where Display Formula\({w_{i - 1}}\) is the weight given to the previous response. As paintings were not seen or rated by subjects before the main trials, we assumed that a subject's response to a painting on a given trial (Display Formula\({R_{i - 1}}\)) would be the best estimate for predicting the effect of immediate past on the upcoming trial, as it is effectively a recursive accumulation of past and present. For the current stimulus, we used the mean value of individual's 20 ratings on each painting calculated on completion of experiment.  
It can be shown (Cicchini et al., 2018) that the ideal weight Display Formula\({w_{i - 1}}\) is determined by a combination of the relative uncertainty of the response to the current trial and the distance between the current stimulus and previous response Display Formula\(\left( d \right)\):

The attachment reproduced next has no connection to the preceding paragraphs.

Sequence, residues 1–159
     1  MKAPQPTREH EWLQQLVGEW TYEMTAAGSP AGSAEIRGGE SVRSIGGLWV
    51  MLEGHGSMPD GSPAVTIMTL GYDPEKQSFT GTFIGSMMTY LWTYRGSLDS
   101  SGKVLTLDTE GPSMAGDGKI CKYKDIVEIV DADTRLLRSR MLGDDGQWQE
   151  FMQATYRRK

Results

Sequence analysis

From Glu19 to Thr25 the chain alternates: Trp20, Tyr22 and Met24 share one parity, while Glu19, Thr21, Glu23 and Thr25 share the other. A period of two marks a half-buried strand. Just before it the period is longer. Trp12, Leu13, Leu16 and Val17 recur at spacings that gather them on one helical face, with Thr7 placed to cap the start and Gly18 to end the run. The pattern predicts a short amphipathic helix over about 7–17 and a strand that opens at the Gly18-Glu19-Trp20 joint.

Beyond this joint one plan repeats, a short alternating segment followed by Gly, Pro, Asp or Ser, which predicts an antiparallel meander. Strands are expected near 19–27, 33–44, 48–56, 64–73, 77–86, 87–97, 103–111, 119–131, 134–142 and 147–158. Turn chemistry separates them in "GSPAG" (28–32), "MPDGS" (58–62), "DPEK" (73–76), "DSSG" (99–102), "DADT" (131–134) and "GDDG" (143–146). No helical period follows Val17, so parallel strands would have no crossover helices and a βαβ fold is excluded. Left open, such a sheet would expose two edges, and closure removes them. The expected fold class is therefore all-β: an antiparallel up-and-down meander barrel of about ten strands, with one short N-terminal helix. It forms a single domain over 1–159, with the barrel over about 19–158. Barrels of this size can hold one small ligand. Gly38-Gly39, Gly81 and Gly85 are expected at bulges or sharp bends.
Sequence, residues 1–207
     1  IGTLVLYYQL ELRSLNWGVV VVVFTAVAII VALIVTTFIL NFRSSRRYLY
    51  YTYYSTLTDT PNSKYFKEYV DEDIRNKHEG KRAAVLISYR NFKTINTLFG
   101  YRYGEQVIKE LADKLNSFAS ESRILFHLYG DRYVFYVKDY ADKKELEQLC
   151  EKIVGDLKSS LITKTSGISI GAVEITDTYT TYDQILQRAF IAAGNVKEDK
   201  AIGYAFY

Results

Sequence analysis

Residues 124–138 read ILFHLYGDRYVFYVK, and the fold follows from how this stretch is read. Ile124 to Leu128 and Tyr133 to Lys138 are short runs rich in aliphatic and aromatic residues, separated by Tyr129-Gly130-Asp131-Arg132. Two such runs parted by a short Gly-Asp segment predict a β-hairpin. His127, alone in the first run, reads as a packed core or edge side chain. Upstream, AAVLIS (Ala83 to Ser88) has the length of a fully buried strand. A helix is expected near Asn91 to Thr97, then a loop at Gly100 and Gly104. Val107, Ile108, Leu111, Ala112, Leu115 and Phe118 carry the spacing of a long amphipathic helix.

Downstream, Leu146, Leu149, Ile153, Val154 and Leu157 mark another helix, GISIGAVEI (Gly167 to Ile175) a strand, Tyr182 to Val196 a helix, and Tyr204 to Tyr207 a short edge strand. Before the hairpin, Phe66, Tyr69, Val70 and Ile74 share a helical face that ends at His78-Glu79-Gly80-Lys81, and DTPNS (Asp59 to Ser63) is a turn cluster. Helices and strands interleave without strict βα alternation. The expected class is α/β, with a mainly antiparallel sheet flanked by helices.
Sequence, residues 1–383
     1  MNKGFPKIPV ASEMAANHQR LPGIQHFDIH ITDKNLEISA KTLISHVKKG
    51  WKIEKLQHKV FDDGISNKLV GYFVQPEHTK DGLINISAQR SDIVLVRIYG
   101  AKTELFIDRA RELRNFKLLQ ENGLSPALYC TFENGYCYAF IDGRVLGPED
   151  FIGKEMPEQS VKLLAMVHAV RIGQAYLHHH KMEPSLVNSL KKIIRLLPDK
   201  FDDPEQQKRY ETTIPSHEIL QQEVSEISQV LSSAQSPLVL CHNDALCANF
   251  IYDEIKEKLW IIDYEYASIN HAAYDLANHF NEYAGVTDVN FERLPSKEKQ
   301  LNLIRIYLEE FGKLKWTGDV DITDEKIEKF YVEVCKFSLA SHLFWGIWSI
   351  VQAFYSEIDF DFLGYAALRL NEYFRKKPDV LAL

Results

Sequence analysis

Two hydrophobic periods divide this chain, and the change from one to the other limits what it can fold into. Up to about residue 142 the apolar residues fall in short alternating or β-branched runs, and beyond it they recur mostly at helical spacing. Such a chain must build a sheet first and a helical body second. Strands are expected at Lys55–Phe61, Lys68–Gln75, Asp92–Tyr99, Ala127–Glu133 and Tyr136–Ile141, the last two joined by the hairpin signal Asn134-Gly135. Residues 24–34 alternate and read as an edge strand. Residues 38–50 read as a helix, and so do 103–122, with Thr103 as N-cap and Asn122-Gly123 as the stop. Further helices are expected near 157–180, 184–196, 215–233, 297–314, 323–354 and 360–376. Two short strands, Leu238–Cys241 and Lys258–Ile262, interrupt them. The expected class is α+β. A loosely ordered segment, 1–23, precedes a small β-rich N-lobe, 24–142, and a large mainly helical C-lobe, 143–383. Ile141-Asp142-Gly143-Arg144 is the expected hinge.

\begin{equation}\tag{2}{w_{i - 1}} = {{\sigma _i^2} \over {\sigma _i^2 + \sigma _{i - 1}^2 + {d^2}}}\end{equation}
where Display Formula\(\sigma _i^2\) and Display Formula\(\sigma _{i - 1}^2\) represent the variance of the underlying noise in judgments of the current and the previous stimuli. As the variance in each participant's attractiveness judgments across their 40 paintings was fairly consistent, we assumed that Display Formula\({\sigma _i} = {\sigma _{i - 1}},\) and averaged root-variance across all paintings to obtain a more robust measure for each participant (Display Formula\(\sigma )\).